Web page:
Preprints
https://doi.org/10.5194/egusphere-2023-1612
https://doi.org/10.5194/egusphere-2023-1612
24 Jul 2023
 | 24 Jul 2023

Parallel SnowModel (v1.0): a parallel implementation of a Distributed Snow-Evolution Modeling System (SnowModel)

Ross Mower, Ethan D. Gutmann, Jessica Lundquist, Glen E. Liston, and Soren Rasmussen

Abstract. SnowModel, a spatially distributed, snow-evolution modeling system, was parallelized using Coarray Fortran for high-performance computing architectures to allow high-resolution (1 m to 100’s of meters) simulations over large, regional to continental scale, domains. In the parallel algorithm, the model domain is split into smaller rectangular sub-domains that are distributed over multiple processor cores using one-dimensional decomposition. All of the memory allocations from the original code have been reduced to the size of the local sub-domains, allowing each core to perform fewer computations and requiring less memory for each process. A majority of the subroutines in SnowModel were simple to parallelize; however, there were certain physical processes, including blowing snow redistribution and components within the solar radiation and wind models, that required non-trivial parallelization using halo-exchange patterns. To validate the parallel algorithm and assess parallel scaling characteristics, high-resolution (100 m grid) simulations were performed over several western United States domains and over the contiguous United States (CONUS). The CONUS scaling experiment had approximately 71 % parallel efficiency; runtime decreased by a factor of 32 running on 2304 cores relative to 52 cores (the minimum number of cores that could be used to run such a large domain as a result of memory and time limitations). CONUS 100 m simulations were performed for 21 years (2000–2021) using 46,238 and 28,260 grid cells in the x and y dimensions, respectively. Each year was simulated using 1800 cores and took approximately 5 hours to run.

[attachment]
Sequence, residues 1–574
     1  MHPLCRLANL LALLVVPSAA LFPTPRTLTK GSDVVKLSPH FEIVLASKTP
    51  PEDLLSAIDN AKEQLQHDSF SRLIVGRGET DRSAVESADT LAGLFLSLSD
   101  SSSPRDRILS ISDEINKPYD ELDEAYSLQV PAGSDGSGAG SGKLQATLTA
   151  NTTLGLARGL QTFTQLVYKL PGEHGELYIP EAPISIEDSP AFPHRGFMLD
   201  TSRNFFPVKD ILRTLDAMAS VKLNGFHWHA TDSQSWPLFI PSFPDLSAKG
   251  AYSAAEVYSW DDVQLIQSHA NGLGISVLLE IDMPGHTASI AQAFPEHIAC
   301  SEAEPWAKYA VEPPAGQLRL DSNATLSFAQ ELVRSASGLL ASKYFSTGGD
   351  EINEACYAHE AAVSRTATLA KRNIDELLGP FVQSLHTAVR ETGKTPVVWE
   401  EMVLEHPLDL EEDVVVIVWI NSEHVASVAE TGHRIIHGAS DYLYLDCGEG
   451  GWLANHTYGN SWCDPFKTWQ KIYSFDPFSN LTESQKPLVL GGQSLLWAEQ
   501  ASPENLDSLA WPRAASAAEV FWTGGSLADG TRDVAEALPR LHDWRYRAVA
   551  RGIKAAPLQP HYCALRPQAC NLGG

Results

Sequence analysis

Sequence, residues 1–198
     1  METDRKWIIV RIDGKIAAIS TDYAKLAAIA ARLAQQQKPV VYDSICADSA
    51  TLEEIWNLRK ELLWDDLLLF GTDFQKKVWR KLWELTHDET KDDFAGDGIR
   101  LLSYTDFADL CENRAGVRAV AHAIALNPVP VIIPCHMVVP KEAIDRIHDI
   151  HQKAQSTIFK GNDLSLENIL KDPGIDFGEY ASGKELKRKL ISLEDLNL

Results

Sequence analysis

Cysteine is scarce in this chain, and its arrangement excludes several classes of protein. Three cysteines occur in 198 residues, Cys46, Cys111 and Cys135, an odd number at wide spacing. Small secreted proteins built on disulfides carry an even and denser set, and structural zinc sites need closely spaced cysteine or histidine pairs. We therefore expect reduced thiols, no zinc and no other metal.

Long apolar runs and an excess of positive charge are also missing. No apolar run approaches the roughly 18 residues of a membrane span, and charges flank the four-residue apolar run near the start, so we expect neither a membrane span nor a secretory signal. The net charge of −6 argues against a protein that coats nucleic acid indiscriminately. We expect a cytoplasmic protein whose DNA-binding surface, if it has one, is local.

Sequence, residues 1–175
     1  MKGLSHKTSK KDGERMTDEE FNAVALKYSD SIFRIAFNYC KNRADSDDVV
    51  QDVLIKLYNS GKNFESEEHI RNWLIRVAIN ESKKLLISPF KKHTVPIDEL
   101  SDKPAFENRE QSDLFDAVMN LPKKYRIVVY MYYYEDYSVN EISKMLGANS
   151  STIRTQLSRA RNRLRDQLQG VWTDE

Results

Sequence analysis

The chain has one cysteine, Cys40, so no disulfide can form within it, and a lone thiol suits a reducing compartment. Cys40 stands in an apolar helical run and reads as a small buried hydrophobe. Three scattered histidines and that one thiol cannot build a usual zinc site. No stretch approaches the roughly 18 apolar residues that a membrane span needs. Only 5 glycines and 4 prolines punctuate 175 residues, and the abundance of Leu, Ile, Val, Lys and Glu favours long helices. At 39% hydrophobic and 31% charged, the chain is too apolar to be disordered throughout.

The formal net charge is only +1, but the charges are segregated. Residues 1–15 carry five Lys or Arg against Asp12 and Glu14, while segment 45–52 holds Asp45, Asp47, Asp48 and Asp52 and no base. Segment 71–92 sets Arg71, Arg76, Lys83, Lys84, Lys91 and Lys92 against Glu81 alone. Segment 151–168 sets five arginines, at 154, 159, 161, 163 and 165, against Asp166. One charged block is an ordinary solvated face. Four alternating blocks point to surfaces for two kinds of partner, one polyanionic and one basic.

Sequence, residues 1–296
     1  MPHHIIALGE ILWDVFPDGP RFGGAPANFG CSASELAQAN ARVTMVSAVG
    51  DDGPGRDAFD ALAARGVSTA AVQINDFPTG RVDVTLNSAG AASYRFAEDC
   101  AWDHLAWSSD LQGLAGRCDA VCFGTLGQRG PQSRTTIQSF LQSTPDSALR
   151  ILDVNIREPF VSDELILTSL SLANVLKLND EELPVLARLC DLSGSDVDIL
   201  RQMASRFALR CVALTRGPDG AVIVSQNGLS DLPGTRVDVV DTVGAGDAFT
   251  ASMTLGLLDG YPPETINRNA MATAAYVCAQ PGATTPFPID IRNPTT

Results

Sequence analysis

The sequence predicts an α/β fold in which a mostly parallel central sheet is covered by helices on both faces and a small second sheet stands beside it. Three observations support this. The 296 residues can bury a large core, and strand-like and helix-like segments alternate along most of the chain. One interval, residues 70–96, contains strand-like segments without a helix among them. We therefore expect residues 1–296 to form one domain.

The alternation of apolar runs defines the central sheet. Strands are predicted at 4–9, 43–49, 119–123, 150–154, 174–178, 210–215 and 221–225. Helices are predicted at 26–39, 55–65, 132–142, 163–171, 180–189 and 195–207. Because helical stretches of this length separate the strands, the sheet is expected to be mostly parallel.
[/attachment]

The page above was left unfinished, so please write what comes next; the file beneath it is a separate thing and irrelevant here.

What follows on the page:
Ross Mower, Ethan D. Gutmann, Jessica Lundquist, Glen E. Liston, and Soren Rasmussen

Status: final response (author comments only)

Comment types: AC – author | RC – referee | CC – community | EC – editor | CEC – chief editor | : Report abuse
  • RC1: 'Comment on egusphere-2023-1612', Anonymous Referee #1, 26 Aug 2023
    • AC3: 'Reply on RC1', Ross Mower, 11 Nov 2023
  • RC2: 'Comment on egusphere-2023-1612', Chen Zhang, 03 Sep 2023
    • AC4: 'Reply on RC2', Ross Mower, 11 Nov 2023
  • AC1: 'Author Comments-2023-1612', Ross Mower, 17 Oct 2023
    • AC2: 'Reply on AC1', Ross Mower, 18 Oct 2023
Ross Mower, Ethan D. Gutmann, Jessica Lundquist, Glen E. Liston, and Soren Rasmussen

Data sets

Parallel-SnowModel-1.0 Ross Mower, Ethan Gutmann, and Glen Liston https://github.com/NCAR/Parallel-SnowModel-1.0

Model code and software

Parallel-SnowModel-1.0 Ross Mower, Ethan Gutmann, and Glen Liston https://github.com/NCAR/Parallel-SnowModel-1.0

Ross Mower, Ethan D. Gutmann, Jessica Lundquist, Glen E. Liston, and Soren Rasmussen

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Latest update: 21 Feb 2024
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Short summary
Higher resolution model simulations are better at capturing winter snowpack changes across space and time. However, increasing resolution also increases the computational requirements. This work provides an overview of changes made to a Distributed Snow-Evolution Modeling System (SnowModel) to allow it to leverage high performance computing resources. Continental simulations that were previously estimated to take 120 days, can now be performed in five hours.